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Vintage Remade

Vintage Remade

Vintage Remade

Make a statement in your home with decor that has both meaning and style. Vintage Remade helps you bring together favorite flea-market finds, treasured collectibles, and creative DIY projects to create an authentic, fresh look. Each 100-page issue includes home tours, easy projects, designer/maker profiles, display ideas, and more. Whether you like industrial, cottage, farmhouse, or retro looks, this magazine is dedicated to focusing on the best vintage and remade stories and locations to inspire you to start decorating.

Land:
United States
Språk:
English
Utgiver:
Meredith Corporation
Les mer
KJØP UTGAVE
NOK92.07

I denne utgaven

1 min.
editor’s note

THE MAGICAL thing about a great musical mash-up is that the mix of unexpected combos takes you to a fresh place with material you thought you knew. That’s a beat we tapped into with this premier issue of Vintage Remade. We sought out homeowners around the country who spin their own tunes by taking something old and making it into something new—all while keeping the original soul. Just check out Steve Ford’s Pittsburgh apartment (“A Touch of Drama,” page 68). He plays off his vintage scores with splashes of black paint. In Fort Worth, Grace Mitchell welcomes happy colors and patterns, using them to turn flea-market finds into personality-packed decor (“You Make Me Smile,” page 18). But you don’t have to remake a whole house to get into a vintage groove.…

2 min.
add it up

have a ball Gather flea-market pool balls, croquet balls, softballs, and baseballs to create playful wall art, opposite. Fill up clear vases, such as these 5x24-inch glass cylinders. Build mini L-shelves from scrap 1x6 pine boards to hold the vases. Sand, prime, paint, and let dry. Then mount to wall with anchoring screws. Or keep hang time to a minimum by suspending one long shelf that’s slightly deeper and longer than the number of vases you want to display. dustup Form a contemporary art installation from rustic objects, right. Collect fun and funky dustpans from flea markets and online, making sure to purchase full-size pans and not vintage children’s toys. Lay them out on the floor to determine spacing. Then apply two repositionable mounting strips to the back of each dustpan per the…

3 min.
just our type

WITH INK-STAINED HANDS, Sarah McCoy operates a gently clanking machine, placing a single card just so and pressing it with the turn of a crank over a bed of magnesium block with vintage wood type and an image carved into it. Behind Sarah, customers at her store in Des Moines’ East Village shopping district browse cards and posters bearing impressions made with bright ink: bikes laden with prettily wrapped packages, plump owls, the alphabet in a vintage typeface. “In this day and age, we’re always on computer screens,” Sarah says. “It’s nice to get a break from that, see something made slowly and with care. And letterpress, it’s tactile—there’s a softness there when you touch it.” To anyone seeking handmade gifts, the letterpress shop acts as a beacon of sorts. Shopping is…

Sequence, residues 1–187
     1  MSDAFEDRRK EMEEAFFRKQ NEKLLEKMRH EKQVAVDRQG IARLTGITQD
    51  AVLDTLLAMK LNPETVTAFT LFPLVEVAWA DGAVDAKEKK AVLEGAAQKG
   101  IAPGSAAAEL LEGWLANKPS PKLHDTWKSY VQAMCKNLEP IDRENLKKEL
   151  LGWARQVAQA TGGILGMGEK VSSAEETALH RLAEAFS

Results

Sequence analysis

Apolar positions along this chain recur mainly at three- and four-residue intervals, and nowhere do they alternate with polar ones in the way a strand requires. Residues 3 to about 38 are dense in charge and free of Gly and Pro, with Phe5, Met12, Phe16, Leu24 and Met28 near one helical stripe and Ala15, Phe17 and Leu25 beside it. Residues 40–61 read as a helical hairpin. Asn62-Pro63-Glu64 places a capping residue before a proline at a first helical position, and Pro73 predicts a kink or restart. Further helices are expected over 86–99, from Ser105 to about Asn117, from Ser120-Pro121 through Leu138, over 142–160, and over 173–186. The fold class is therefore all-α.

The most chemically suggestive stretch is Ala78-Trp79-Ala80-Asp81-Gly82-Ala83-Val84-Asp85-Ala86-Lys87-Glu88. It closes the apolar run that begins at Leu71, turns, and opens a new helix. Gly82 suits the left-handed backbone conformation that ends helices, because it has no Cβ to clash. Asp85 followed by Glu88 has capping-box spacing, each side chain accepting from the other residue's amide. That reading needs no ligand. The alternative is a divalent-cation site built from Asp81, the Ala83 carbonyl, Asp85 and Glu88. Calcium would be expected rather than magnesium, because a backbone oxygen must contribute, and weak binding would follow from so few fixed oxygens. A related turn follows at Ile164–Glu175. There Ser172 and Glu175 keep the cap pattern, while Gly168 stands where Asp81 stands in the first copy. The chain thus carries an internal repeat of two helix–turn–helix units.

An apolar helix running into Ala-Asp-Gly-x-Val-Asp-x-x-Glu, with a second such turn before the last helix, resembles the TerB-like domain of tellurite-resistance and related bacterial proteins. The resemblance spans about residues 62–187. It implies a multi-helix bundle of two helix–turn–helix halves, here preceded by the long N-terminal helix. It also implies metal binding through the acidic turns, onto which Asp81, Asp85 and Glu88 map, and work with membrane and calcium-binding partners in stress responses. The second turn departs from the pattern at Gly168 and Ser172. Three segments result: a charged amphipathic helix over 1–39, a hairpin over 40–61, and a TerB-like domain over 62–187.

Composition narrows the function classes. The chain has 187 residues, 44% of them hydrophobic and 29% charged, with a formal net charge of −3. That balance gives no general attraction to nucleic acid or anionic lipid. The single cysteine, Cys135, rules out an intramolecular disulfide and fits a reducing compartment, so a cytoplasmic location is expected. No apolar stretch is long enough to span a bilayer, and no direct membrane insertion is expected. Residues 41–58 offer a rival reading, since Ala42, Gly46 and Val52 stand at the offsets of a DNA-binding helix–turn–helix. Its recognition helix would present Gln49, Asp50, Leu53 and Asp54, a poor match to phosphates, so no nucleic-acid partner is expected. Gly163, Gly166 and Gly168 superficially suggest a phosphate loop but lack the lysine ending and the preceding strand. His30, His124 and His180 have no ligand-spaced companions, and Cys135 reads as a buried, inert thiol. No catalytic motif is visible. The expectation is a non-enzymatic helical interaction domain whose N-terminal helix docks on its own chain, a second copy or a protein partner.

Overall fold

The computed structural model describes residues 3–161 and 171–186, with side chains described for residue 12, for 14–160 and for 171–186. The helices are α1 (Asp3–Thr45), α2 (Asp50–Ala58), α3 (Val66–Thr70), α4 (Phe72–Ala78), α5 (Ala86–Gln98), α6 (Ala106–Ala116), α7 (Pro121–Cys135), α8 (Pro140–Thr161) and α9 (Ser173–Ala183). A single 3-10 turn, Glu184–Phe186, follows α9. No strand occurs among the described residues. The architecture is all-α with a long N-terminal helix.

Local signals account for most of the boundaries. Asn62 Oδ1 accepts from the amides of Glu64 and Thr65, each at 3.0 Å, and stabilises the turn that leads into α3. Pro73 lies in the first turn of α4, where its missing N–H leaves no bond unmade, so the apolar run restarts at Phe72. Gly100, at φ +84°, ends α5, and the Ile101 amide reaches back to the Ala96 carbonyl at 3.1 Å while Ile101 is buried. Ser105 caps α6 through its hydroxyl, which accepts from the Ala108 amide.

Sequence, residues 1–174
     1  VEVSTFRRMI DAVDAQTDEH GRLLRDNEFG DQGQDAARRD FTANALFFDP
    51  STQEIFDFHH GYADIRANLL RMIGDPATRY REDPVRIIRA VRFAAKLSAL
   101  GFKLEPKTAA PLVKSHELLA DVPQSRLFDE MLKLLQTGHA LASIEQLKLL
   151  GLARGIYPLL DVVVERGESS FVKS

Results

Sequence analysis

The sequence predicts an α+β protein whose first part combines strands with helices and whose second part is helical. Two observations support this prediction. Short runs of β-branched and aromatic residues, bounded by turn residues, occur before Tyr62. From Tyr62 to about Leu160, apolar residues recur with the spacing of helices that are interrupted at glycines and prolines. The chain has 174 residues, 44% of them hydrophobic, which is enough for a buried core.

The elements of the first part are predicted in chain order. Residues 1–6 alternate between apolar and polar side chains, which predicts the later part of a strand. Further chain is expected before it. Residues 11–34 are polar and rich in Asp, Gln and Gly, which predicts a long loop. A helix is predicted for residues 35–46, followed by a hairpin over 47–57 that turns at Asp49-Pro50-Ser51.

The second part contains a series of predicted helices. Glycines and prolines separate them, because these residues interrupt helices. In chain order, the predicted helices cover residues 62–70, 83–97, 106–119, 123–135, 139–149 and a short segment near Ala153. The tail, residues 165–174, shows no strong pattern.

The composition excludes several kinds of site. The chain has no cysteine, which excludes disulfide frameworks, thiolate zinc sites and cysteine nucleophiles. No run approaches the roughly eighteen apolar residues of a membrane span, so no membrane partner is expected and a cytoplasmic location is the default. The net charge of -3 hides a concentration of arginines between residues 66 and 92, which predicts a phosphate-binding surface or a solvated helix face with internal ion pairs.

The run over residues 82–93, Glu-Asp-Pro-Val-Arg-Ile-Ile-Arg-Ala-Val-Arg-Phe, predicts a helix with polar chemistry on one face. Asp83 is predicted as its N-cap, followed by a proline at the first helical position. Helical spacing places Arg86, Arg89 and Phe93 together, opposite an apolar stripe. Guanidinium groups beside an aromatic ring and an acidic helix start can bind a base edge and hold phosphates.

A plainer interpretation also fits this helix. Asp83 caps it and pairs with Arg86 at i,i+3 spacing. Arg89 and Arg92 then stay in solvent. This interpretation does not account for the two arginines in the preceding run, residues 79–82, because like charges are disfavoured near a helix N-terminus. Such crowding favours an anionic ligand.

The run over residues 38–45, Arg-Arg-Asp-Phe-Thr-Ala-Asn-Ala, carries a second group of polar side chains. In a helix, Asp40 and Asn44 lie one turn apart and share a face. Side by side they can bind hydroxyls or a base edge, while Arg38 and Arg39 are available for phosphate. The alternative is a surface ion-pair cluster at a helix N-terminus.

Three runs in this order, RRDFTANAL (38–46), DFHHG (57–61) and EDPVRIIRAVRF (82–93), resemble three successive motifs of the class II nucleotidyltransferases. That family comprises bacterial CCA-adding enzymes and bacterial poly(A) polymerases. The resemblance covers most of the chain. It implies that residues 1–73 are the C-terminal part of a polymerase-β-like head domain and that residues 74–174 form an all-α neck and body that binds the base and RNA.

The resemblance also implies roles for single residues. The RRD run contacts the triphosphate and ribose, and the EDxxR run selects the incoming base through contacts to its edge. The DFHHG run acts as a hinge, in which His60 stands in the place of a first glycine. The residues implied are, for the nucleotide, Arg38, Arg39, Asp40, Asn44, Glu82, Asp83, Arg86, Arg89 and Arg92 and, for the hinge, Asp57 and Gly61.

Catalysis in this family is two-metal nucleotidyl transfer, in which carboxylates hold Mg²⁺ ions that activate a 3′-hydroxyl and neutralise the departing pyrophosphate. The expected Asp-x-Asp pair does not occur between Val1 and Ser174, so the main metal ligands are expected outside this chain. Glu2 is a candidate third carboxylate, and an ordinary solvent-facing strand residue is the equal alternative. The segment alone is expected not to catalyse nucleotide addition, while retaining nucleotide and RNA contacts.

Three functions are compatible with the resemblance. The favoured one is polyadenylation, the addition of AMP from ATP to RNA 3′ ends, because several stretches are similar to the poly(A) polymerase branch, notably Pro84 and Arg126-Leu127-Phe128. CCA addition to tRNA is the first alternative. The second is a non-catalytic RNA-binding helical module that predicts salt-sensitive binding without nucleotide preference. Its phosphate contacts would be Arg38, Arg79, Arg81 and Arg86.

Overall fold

2 min.
ordinary threads

MONEY-SAVING TIP: Snap up art for a few dollars from a thrift store and paint it with gesso to create a clean canvas. branching out Hand-stitch cherry tree branches to a pair of canvases to create large-scale art, top left and opposite. Stretch white linen across two vintage frames (or new 36-inch stretcher bars), stapling to the back. Lay jute twine across each canvas, shaping into branches. Tack the twine with small stitches, and wrap with gold cord. Trace our flower and birdcage patterns (BHG.com/StitchPattern) and straight-stitch along lines with various fibers. way to stretch Embellish a lampshade—new or old—with long stitches, above. Poke small holes along the edges of the shade and in 6-inch vertical sections through the center to make way for your handiwork. Stitch light gray vertical background lines with yarn, then…

6 min.
you make me smile

GRAB ’N GO Use a wall planter to keep fresh herbs at hand. Prop books on top so the planters double as display. THERE’S A LOT OF HAPPY in Grace and Kent Mitchell’s 1919 Fort Worth, Texas, home. From a decorating standpoint, fun hits of color and pattern are prominent. There’s old furniture that Grace, an interior designer with some serious DIY cred, brought back to life after snagging bargains on Craigslist and scouring estate sales almost every Friday. And, always, there’s the yellow-painted front door. “That was the first mark of happiness for this house,” Grace says. When the couple moved in nearly seven years ago, they had a humongous to-do list (along with spotty heat and AC). After their then 3-year-old son called it a sad house, Grace painted the door…

1 min.
q&a

Q. How do you strike a balance between pattern and color—and not overwhelm a room? A. I think you can use color and pattern and still have a room feel quiet and soothing. I like to have one major pattern for a room, pull a few colors out of it as accents, and keep the rest of the room neutral. Q. Any rules of thumb for mixing patterns? A. I try to have one geometric and one flowy pattern in a room. In my entry, for example, the geometric is the lattice and the flowy is the pineapple wallpaper. Q. What’s first: paint or pattern? A. I never pick a paint color until I know which pattern is going to be the star of a space. After I pick the pattern, I pull one color…